The voters are being in general extremely patient with hours of pre-dawn queuing and waiting in hot sun. Ordinary Kenyans in Nairobi certainly are demonstrating both peace and a commitment to the voting process itself.
The unexpected problem, to me and people I have spoken with, is that the ballot boxes were getting close to full with only a relatively small percentage of voters having voted. Presiding officers indicated no backup capacity, but were shaking the boxes to settle the cast ballots..
I covered the opening of a Nairobi polling centre this morning.
Loose general impressions in comparison with 2007: pre-opening lines seemed even bigger than 2007; large numbers of people got out to que in the pre-dawn; actual voting quite slow as should be expected with new and complicated process and six ballots versus three. There was some stream of periodic boisterousness from people waiting and concerned by bottlenecks–things were quiter in 2007.
One thing that annoyed me was to see that the ballot papers are all white paper except for the color on the front only to correspond with the specific race (i.e. “purple” for woman’s representative to National Assembly). This means when you fold the six ballots for secrecy and to drop them in the color-coded box they look the same. My civil society colleagues raised this issue, among many, with the IEBC. The IEBC reported to one member of the civil society coalition who then circulated the response, that the cheaper ballot papers colored only on one side were only for the “mock election” testing, and that today, voters would have the intended fully colored paper.
Apparently not so. Not that the problem in itself is of such magnitude perhaps, but the quality of the information and means of communication from the IEBC were lacking on this point. And of course it would be good to know, even though it will be too late, what happened in the procurement process to cause this.
Enjoyed meeting diplomatic observers from the Danish Embassy and the Eritrean Foreign Ministry.
I have had a lot to say here about Kenyan politics over the past three and a half years, so if you are new to the blog enjoy, but I am here to help quietly and listen for the most part so don’t expect a lot of commentary in this forum prior to the vote. It is interesting to hear so many people who know more than I do have strongly held contradictory opinions and expectations. I have no expectations, just hopes and prayers. Other than that, I will say that I think that fear is unhelpful but complacency is a killer. I am not persuaded by anyone who claims much certainty regarding how things will go.
AllAfrica.com has put together a special feature page on the Kenyan elections that is a good source for the latest stories from the main Kenyan media sources: “Kenya Decides: 2013 Elections”. (h/t @GeorgetownDG)
On Thursday, February 28, the Institute for Security Studies Nairobi office will host a “Seminar on Kenya’s 2013 Elections: issues, actors and scenarios.” Register on-line through the link.
IRIN has published on on-line “multimedia documentary” entitled “No Ordinary Elections” which does a nice job of informing an international audience of the basic context of the upcoming Kenyan election and includes good interviews discussing humanitarian concerns and preparations in general terms. A work of art in internet publishing.
In the latest developments, there is a lot of buzz in the human rights community regarding the announcement by Chief Justice Mutunga at a press conference today that he had received a letter threatening judges and others regarding any ruling against the candidacy of Uhuru Kenyatta purporting to be from a Mungiki-associated group, Further, as reported in the Star story “Chief Justice Raises Concern Over Threats to Judges”:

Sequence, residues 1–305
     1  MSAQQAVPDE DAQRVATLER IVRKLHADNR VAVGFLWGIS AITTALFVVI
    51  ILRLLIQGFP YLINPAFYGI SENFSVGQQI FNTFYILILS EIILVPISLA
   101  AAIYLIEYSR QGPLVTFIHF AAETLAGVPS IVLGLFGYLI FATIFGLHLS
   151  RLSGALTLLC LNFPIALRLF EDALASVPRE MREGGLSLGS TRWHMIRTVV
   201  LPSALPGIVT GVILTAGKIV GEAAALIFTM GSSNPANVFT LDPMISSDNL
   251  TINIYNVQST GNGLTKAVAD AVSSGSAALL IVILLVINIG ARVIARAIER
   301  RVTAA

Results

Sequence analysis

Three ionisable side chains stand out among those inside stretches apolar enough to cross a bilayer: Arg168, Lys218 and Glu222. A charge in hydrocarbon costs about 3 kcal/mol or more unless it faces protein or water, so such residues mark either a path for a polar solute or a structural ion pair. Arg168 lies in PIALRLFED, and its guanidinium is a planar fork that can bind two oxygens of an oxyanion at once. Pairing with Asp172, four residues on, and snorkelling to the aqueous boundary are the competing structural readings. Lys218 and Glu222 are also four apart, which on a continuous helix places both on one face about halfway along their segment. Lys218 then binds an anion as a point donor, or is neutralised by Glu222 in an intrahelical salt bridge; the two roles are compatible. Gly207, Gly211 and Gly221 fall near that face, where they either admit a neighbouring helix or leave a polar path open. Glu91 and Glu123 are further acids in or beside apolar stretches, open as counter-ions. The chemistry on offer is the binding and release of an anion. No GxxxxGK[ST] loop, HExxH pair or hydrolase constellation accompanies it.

The CJ also revealed that he was asked by an immigration officer at the JKIA to seek travel clearance from the Head of Civil Service Francis Kimemia a day after the letter was posted.
“I was stopped at the Jomo Kenyatta International Airport (JKIA) by an Immigration Officer, who insisted that I could not travel because I had not been cleared by Mr. Francis Kimemia, the Permanent Secretary, Head of the Public Service, and Secretary to the Cabinet.” Mutunga said.
The CJ further asked Inspector General of police David Kimaiyo to take the necessary steps to protect judges from threats and intimidation so as not to give constitutional rulings. “The Judiciary will not flinch from interpreting the constitution as required. The constitution must be guarded jealously,” He said.
From the Daily Nation: “Chief Justice Speaks Out on Threatening Letter.”
Obviously a lot of difference among the media houses in how to report this. Thus the need to read widely to put together the pieces in getting the facts and understand the interests.
While I would completely reserve judgement as to exactly what to make of the threatening letter, the “immigration” harassment is disturbing in light of Kenya’s short but unduly “colorful” history involving politics at these highest levels. Certainly the President himself should address this if he wants to reassure the country at a time in which no one needs any more tension than can be helped.
This has overshadowed the other big political story of the day, that Uhuru Kenyatta’s campaign has announced that he will drop out of the second presidential debate scheduled for Monday, complaining of the allegedly unfair amount of emphasis on the charges he faces from the International Criminal Court and “ganging up” by the other candidates on this point.
My sense of the political strategy here would be that Kenyatta feels he is in solid position to make a runoff, and not in striking distance to win in the first round, so there is nothing major to be gained from another debate, while there are risks from undesired questions and unscripted situations. He has plenty of money and media access as a top candidate so he probably doesn’t feel a need to share the stage to communicate whatever he wants to say in the last days of the campaign. Likewise, part of his approach since the ICC charges have been confirmed has been to portray himself as a victim of other politicians and interests, so claiming that he was treated unfairly in the debate fits with that theme, too.